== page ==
Cloud Atlas by David Mitchell is an amazing novel. It consists of six interlocking stories—the journal of an idealistic young American in the South Pacific in the 1850s, the letters of a penniless Englishman working his way into the household of a distinguished Belgian composer in 1931, a hard-boiled detective story about a woman investigator proving wrongdoing at a nuclear power plant in 1970s California, a comic account of an English publisher in the present trying to escape for a home for the elderly where he was confined by mistake, a dystopian science fiction story about a cloned worker in a future totalitarian corporate Korea, and an account of inhabitants of a more-distant future Hawaii who have relapsed into barbarism.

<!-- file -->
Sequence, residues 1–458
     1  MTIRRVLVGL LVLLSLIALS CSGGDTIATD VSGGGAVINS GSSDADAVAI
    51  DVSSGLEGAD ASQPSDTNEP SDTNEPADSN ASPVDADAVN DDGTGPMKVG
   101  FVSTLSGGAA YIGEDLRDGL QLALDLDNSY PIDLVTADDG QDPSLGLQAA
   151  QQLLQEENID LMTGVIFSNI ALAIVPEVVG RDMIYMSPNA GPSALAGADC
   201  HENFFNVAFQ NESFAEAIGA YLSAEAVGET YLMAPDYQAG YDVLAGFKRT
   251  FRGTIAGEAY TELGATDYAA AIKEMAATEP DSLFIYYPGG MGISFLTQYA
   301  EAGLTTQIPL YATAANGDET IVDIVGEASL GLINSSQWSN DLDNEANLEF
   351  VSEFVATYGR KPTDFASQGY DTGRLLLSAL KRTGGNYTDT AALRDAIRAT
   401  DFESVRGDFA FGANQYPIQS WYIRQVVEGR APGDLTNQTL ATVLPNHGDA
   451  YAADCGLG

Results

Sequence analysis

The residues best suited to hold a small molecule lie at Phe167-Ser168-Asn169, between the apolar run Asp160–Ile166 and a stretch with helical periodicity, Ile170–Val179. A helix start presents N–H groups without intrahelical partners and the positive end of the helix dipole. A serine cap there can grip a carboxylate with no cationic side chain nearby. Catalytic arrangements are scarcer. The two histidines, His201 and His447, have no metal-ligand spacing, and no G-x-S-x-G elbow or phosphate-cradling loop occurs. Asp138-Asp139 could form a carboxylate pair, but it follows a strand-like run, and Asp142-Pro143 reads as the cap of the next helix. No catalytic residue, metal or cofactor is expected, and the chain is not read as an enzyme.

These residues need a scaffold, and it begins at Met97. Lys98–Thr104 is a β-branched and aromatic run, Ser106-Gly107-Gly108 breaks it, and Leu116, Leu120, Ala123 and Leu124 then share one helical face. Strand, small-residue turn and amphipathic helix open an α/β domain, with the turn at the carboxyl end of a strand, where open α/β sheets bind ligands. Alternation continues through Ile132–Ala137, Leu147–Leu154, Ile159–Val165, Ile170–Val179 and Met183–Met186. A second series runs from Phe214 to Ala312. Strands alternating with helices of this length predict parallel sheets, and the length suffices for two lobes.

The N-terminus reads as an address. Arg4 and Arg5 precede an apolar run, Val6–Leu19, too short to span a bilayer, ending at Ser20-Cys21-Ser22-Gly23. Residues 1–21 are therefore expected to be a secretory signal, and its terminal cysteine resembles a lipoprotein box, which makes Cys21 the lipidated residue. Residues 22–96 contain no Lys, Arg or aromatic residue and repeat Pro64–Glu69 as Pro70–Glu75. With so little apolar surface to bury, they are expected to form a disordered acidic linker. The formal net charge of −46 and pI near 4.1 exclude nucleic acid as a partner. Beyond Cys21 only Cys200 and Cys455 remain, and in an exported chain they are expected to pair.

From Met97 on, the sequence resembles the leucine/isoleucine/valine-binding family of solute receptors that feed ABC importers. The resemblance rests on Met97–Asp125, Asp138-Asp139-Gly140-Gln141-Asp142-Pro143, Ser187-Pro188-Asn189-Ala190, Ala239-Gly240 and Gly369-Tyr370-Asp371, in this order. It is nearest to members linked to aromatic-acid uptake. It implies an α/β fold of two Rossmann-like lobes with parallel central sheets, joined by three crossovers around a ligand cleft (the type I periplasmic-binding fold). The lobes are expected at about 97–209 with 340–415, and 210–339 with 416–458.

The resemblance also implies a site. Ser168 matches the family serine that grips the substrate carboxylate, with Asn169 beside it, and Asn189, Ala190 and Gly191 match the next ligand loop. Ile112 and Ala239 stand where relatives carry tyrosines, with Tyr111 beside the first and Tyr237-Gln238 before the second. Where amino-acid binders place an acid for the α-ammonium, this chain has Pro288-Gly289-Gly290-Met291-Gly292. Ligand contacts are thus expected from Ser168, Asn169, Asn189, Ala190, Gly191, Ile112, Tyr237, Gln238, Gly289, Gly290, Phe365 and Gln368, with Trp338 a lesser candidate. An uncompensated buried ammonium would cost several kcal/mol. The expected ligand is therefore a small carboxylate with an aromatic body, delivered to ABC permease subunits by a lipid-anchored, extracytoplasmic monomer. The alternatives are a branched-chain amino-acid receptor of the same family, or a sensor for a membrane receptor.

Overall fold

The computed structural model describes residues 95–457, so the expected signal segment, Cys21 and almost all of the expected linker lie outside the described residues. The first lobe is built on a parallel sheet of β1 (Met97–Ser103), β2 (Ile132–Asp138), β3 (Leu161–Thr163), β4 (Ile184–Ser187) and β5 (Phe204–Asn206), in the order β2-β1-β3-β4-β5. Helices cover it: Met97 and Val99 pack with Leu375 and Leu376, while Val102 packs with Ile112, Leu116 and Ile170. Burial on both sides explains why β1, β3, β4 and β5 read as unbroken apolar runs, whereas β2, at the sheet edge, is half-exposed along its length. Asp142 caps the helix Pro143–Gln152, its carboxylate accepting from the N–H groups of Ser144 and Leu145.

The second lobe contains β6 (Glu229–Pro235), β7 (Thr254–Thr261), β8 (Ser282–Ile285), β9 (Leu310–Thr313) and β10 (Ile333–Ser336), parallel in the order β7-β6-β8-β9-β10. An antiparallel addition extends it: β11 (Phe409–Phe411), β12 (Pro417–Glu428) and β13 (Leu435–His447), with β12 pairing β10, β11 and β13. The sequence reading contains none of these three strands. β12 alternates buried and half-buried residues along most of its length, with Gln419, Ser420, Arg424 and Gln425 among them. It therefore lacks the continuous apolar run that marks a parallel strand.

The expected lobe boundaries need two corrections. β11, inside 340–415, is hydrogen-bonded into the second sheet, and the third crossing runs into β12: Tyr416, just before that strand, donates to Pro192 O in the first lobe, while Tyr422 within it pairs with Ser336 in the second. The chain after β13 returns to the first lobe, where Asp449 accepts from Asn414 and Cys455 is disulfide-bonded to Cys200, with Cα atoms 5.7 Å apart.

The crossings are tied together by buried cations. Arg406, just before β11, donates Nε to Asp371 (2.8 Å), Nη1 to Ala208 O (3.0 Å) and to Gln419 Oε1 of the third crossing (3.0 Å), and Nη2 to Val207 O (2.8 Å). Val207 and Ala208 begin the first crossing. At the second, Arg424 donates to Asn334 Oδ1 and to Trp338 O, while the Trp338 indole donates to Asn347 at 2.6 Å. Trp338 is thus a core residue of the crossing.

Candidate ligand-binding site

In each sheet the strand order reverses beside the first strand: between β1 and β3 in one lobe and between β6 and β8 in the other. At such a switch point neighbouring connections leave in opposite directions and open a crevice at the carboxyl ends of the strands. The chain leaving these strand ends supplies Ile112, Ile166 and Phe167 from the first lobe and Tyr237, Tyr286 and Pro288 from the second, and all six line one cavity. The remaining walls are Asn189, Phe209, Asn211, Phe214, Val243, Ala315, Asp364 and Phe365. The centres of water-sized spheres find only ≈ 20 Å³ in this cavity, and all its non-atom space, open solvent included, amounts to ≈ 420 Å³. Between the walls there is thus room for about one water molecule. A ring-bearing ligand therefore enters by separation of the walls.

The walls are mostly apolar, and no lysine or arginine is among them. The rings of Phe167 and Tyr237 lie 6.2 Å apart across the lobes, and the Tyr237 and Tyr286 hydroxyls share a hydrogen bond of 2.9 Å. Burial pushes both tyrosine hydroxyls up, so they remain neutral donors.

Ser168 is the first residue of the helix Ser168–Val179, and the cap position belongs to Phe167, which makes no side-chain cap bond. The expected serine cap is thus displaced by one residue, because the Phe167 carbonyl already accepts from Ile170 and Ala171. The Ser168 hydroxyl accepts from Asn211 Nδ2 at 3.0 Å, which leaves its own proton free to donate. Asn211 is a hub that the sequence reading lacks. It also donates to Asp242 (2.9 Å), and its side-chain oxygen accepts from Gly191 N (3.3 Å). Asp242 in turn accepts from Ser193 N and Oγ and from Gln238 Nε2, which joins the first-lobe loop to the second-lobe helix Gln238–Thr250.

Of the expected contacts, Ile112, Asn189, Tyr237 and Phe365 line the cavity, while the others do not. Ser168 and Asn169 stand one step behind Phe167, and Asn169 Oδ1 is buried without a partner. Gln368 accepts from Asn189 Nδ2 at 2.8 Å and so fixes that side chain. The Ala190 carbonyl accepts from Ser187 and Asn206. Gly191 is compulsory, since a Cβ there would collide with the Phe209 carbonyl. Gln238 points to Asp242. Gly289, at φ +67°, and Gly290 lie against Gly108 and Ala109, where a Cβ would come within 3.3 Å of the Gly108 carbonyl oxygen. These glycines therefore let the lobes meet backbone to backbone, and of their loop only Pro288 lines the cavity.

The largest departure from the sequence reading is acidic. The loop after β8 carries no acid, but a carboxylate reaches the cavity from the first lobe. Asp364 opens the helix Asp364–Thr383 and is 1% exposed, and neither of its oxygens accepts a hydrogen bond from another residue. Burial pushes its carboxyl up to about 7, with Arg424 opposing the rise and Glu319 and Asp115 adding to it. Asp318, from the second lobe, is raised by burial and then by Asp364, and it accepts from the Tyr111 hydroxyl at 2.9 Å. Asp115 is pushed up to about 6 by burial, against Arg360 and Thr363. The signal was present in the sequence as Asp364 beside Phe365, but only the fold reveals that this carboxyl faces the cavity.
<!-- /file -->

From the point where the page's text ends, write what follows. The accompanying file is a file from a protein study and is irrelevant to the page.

Each of the stories would be good as a stand-alone story. But in the novel, each of them except the last breaks off in the middle and becomes an element in the next story. So the novel as a whole is more than the sum of its parts. It shows how the past shapes the present, and both past and present will shape the future. The structure was more than a clever trick. Mitchell made it work—at least for me.
Now Cloud Atlas is going to be made into a movie. I don’t see how this is possible, but I’ll certainly go to see it.
Click on David Mullan’s Cloud Atlas Review Part One and Part Two, David Mitchell on Writing Cloud Atlas and Reader Responses for a discussion of Cloud Atlas in The Guardian newspaper’s Guardian Book Club.
Click on The Wachowskis for a New Yorker feature article on the making of the Cloud Atlas movie.